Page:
By Center for Prehospital Care, Education and Research staff
Loma Linda University Medical Center
One glance at the old photos on the wall of most departments or a quick look at a station scrapbook and many would ask how they ever did their jobs with the equipment used. It is readily apparent, the response apparatus and the gear that was used was archaic, whether it be for fire suppression or medical aid incidents. Since that time, service areas have increased, populations have grown, patients are older and the complexity of the job, whatever it is, has gotten significantly more difficult. Today, we respond in greater numbers with larger and more efficient equipment and navigate through a maze of roads ,often around uncertain obstacles and other traffic. Our bags are full of just about every tool we need to make our jobs easier and safer to perform, but is that the reality?
After-Action reports following a rash of recent wildland fires, hospital evacuations, school bus crashes, campus shootings, and a never-ending string of natural and manmade disasters indicate that there is more that can be done to improve our response, provide the tools to keep us safe and manage resources for the best overall outcomes. Although we have come a long way with providing up-to-the moment information to assist command staff and event responders to make informed decisions, performing their jobs successfully is one of the many challenges we are facing today. One tool, currently under development at Loma Linda University Center for Prehospital Care, promises to provide that higher level of understanding necessary to answer this challenge–a project managed under a Federal grant by the Telemedicine & Advanced Technology Research Center (TATRC) (Photo 1)
Advanced Emergency Graphical Information System
Advanced Emergency Graphical Informational System (AEGIS) is a collaborative effort between the CPCER, developers from ESRI of Redlands, California–a private business, and a host of Fire, EMS, and Law Enforcement agencies throughout California and beyond. This unique, user-friendly geographical information system (GIS) collectively combines numerous spatial and temporal elements into layers that can be accessed together or separately. AEGIS allows users to view a variety of pertinent information in one location, identify and interpret trends and threats, and analyze the information presented (Photo 2). It allows the user to make more informed decisions and has applications for law enforcement, fire and EMS response, hospitals, public health, dispatch, and emergency and disaster planners from all disciplines.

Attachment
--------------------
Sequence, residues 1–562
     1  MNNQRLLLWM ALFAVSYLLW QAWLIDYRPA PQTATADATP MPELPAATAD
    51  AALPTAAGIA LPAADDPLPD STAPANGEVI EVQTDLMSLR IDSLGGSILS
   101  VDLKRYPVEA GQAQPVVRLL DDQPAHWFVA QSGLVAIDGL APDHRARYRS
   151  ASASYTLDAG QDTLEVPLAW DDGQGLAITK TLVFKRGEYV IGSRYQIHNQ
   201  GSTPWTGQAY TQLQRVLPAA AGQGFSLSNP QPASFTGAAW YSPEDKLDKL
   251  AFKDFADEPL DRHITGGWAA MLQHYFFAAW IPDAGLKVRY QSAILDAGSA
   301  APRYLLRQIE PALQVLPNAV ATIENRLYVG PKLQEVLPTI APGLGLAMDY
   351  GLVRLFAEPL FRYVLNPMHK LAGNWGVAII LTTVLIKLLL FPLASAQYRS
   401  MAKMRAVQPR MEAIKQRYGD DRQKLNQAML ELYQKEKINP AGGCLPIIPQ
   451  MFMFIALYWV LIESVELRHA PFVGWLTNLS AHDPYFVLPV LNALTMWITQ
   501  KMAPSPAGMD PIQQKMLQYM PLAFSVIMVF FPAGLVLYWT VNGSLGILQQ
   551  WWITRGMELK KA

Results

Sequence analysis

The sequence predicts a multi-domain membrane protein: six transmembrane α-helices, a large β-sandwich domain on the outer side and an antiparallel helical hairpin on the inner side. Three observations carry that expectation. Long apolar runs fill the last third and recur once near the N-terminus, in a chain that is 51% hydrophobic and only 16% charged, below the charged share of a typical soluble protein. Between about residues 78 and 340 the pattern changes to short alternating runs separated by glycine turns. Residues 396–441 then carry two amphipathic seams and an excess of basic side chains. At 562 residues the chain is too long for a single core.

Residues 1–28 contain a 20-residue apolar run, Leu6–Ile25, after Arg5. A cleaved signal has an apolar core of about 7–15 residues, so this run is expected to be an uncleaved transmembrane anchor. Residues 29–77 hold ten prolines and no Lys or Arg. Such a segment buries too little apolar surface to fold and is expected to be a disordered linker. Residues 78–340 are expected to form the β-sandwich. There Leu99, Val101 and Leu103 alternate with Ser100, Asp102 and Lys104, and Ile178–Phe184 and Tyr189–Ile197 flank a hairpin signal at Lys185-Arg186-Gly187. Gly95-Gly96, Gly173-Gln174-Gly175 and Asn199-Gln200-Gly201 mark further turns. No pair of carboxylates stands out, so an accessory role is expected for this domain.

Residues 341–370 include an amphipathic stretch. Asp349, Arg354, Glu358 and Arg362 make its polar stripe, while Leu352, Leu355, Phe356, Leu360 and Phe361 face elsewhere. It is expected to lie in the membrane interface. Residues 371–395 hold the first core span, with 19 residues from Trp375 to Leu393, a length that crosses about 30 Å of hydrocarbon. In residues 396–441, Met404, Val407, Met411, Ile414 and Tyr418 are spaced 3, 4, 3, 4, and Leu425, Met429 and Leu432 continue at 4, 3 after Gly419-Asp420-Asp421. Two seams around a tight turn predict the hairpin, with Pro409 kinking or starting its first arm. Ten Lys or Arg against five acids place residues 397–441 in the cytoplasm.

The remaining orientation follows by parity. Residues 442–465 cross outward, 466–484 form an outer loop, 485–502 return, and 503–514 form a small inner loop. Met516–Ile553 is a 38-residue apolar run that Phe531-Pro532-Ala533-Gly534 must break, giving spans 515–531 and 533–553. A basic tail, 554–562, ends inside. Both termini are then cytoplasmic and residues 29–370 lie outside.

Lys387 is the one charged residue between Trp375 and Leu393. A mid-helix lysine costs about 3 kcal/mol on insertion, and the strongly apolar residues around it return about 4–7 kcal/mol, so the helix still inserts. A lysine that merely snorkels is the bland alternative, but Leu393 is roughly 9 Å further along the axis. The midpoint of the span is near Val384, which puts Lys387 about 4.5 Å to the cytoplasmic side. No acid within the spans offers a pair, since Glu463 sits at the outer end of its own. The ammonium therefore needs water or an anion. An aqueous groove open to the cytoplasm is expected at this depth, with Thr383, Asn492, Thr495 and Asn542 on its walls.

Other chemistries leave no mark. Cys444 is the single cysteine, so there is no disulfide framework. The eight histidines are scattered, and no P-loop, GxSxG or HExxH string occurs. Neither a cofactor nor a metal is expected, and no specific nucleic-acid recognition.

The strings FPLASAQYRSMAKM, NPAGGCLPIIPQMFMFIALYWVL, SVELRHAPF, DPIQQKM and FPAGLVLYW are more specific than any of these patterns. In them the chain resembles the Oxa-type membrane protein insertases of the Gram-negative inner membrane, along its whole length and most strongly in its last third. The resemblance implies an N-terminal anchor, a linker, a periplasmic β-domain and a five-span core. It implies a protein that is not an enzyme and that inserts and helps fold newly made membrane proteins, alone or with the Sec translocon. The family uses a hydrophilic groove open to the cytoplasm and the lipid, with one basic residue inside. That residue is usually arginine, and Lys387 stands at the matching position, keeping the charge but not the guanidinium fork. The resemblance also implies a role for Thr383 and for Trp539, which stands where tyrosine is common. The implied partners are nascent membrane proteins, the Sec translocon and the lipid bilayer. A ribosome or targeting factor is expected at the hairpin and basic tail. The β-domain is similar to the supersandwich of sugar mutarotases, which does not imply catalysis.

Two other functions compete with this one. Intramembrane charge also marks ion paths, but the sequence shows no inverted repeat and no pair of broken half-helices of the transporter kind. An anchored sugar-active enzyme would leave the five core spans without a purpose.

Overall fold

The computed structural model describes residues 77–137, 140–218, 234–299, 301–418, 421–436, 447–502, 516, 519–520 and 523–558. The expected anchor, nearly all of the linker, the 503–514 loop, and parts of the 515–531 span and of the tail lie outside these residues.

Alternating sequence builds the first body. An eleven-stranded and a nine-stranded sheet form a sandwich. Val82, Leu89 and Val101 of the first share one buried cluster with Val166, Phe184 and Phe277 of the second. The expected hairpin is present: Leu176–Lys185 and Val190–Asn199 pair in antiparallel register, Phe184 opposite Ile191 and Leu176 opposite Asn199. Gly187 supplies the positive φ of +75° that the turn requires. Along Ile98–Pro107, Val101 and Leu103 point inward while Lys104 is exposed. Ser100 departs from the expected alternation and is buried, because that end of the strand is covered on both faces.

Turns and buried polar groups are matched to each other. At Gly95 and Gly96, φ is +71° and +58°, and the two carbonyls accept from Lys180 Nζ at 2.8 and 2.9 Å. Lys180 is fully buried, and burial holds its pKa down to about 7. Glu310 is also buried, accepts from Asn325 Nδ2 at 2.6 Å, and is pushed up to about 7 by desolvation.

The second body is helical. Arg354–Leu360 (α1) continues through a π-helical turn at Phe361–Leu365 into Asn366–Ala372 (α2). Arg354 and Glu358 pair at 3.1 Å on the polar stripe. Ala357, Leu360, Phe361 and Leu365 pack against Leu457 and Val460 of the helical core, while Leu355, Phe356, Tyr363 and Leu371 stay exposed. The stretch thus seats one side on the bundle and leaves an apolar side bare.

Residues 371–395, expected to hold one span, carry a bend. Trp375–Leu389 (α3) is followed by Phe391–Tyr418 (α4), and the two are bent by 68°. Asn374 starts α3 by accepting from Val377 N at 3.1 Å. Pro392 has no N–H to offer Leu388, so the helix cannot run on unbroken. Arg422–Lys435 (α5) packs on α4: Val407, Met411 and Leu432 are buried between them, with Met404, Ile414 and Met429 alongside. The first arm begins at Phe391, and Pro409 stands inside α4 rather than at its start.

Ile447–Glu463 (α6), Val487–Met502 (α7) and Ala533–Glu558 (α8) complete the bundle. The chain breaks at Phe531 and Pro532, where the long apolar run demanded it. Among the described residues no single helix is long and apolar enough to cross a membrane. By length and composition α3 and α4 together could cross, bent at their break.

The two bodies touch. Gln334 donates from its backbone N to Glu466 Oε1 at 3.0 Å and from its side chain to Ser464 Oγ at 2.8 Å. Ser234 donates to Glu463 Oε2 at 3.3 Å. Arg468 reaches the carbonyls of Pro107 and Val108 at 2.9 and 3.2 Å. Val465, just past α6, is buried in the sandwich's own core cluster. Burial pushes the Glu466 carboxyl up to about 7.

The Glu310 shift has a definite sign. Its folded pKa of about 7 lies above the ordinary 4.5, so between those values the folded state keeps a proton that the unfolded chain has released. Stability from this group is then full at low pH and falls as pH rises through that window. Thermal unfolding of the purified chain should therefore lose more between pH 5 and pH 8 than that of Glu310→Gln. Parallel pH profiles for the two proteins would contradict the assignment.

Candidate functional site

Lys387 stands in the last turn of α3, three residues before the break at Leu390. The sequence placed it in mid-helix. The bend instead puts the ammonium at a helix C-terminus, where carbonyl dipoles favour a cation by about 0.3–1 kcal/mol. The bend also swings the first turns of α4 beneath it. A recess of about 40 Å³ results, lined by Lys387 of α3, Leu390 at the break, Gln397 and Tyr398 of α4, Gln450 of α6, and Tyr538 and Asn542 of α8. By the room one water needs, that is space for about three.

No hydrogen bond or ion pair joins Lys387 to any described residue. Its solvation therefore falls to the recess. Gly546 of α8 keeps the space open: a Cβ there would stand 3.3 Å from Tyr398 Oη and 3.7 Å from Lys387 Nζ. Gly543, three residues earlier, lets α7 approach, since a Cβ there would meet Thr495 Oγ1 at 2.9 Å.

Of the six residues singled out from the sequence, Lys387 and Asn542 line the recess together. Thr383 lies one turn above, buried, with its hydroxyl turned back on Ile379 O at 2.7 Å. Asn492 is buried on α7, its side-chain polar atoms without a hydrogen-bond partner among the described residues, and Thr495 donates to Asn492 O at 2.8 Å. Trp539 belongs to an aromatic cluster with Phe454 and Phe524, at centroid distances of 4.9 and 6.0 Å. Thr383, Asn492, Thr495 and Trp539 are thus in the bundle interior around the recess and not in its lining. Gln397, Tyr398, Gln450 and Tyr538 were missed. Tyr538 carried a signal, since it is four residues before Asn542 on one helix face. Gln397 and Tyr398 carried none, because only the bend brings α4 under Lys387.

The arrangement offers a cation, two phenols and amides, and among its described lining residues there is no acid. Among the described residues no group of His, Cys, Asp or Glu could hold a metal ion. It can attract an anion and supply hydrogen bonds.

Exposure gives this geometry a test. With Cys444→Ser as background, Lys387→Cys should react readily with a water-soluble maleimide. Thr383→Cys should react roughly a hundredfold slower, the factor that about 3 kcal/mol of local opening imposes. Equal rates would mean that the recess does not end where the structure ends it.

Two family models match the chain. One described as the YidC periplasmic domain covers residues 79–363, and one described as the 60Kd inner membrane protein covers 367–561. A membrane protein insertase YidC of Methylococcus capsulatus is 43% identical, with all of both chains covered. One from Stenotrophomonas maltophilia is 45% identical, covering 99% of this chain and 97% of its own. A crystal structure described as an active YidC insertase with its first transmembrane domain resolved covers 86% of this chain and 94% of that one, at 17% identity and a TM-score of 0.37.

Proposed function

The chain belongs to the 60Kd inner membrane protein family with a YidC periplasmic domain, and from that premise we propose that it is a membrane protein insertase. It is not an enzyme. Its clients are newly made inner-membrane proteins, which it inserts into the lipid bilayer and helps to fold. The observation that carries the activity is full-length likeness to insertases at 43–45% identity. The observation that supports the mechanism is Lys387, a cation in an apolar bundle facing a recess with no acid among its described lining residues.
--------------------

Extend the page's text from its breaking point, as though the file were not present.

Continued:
AEGIS is a unique kind of database that displays emergency information geographically or in a map view. In its present form, AEGIS provides the user with spatial awareness of the location of resources using tracking technologies, local weather and road conditions, hospital status and capabilities, and the locations of schools, hospitals, and airports. It can track the movement of fire apparatus, air transport helicopters, and other support vehicles. (Photo 3) AEGIS can also be used to support further analysis of trends such as pandemic disease, the proximity of fires to structures, and threats to infrastructure. (Photo 4) Additionally, AEGIS can be customized to include any geospatial information that is needed by a particular agency or jurisdiction.
Field Flexibility and Access
One particular advantage of AEGIS is that it can be accessed by any authorized user using an Internet-connected device such as a Windows-enabled computer or cell phone. Furthermore, the application is optimized depending on the device, minimizing down time, and allowing personnel to spend more of their time providing a service rather than referencing their computer.